PARIS -- International militaries and border partrols want smaller, lighter and more resilient sensors that can fit on aircraft most wouldn't consider traditional intelligence, surveillance and reconnaissance (ISR) aircraft, said a FLIR Systems official here at the Paris Air Show at Le Bourget airport.
FLIR Systems showed off their Star SAFIRE 380 HDC sensor pod at Le Bourget, which is designed to fit on helicopters and other aircraft with a small amount of ground clearance.
Andrew Saxton, FLIR's director of marketing for surveillance systems, said he has seen a significant boost in the number of countries looking to mount sensors onto a wide range of aircraft much like the U.S. has done to increase their amount of ISR coverage.
To boost the amount of ISR coverage that U.S. generals requested in Iraq and Afghanistan, the U.S. Air Force introduced a program called Project Liberty in which the service turned MC-12 turbo prop into ISR aircraft in a matter months.
Another trend Saxton said he's seen is the demand to shrink sensors to as small as a thumb nail. Air forces are exploring the utility of nano drones to fly into buildings and swarms targets. Those nano drones need sensors small enough to fit onto a system as small as a human hand.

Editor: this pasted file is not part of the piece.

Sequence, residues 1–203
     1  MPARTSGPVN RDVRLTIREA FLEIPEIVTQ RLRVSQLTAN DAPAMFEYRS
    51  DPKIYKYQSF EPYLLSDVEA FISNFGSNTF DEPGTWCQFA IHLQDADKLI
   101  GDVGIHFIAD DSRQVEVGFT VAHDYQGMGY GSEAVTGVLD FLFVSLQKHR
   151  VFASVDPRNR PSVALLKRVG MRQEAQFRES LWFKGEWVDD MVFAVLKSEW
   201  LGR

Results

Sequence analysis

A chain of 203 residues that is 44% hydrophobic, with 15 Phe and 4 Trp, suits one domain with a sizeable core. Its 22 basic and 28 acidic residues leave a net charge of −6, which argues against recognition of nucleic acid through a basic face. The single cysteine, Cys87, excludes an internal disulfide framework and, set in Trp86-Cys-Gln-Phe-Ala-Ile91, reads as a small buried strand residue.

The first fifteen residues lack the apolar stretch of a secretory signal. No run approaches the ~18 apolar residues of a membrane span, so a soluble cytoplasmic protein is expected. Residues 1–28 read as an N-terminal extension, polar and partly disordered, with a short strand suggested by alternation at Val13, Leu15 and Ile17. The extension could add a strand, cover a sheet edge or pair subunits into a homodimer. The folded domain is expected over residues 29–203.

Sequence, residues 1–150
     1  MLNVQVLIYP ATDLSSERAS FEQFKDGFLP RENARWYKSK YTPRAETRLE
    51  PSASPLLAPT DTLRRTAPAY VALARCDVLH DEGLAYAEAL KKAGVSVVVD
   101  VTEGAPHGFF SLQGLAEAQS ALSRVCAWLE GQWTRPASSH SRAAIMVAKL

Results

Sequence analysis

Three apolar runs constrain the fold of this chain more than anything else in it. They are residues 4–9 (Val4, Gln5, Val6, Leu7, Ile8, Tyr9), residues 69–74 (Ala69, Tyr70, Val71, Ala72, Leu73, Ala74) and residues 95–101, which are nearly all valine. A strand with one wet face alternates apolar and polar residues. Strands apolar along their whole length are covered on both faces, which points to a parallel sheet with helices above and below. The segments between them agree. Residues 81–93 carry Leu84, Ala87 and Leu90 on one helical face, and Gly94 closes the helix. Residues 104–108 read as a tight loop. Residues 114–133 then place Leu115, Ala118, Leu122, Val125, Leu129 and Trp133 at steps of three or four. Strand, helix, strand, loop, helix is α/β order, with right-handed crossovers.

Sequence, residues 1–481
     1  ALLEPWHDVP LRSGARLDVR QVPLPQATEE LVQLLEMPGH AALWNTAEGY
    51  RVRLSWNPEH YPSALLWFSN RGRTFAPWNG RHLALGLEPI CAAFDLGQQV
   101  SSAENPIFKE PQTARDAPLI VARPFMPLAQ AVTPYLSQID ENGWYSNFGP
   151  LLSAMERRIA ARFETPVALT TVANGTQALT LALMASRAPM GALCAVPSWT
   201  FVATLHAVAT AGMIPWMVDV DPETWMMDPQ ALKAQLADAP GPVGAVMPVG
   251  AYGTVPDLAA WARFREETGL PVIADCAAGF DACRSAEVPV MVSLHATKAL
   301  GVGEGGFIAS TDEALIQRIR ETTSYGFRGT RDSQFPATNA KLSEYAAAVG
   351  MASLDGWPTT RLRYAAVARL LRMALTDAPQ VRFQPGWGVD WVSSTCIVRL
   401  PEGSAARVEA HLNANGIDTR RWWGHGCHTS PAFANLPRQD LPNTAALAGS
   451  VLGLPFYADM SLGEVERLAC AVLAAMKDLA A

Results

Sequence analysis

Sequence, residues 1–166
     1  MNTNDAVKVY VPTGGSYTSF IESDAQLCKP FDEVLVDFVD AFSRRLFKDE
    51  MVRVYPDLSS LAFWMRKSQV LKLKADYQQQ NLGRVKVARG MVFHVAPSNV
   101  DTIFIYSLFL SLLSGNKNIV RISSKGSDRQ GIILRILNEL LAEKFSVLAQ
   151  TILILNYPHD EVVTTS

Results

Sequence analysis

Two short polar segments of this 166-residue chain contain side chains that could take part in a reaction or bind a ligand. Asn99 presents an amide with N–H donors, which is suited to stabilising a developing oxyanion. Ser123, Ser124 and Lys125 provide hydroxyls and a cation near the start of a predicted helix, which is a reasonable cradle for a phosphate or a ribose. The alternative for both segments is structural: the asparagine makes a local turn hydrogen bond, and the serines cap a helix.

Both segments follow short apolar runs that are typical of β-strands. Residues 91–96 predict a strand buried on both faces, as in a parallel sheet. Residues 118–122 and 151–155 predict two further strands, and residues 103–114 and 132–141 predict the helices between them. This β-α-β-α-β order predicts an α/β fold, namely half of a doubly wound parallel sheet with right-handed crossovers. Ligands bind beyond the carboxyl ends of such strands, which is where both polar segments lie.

In fact, FLIR has developed a thermal imagery sensor called Lepton that is no larger than a human finger nail.
It's not just international air forces. International navies are also requesting more ISR coverage especially in the Pacific. China's aggressive movements in the South China Sea has led to an increased demand for maritime ISR aircraft and corresponding sensors.
Saxton pointed out that a maritime environment poses significant challenges, especially when those drones like the Navy's MQ-8 Fire Scout operate off the deck of a ship.
"You're dealing with the corrosion from the salt and then also the sea spray hitting the aircraft," Saxton said.
Michael Hoffman can be reached at Mike.Hoffman@military.com